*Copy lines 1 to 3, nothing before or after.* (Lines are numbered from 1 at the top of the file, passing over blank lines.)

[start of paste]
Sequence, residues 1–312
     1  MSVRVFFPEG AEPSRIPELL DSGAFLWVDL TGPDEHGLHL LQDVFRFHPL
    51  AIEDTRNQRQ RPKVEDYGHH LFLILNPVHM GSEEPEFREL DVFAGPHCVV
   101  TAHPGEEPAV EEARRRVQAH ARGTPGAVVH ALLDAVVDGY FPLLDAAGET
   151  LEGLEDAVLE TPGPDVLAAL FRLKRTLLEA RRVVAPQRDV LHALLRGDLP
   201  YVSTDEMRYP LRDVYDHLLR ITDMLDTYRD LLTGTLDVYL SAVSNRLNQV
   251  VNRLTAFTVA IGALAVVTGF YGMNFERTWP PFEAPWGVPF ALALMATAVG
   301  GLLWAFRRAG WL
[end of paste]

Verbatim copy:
Sequence, residues 1–312
     1  MSVRVFFPEG AEPSRIPELL DSGAFLWVDL TGPDEHGLHL LQDVFRFHPL
    51  AIEDTRNQRQ RPKVEDYGHH LFLILNPVHM GSEEPEFREL DVFAGPHCVV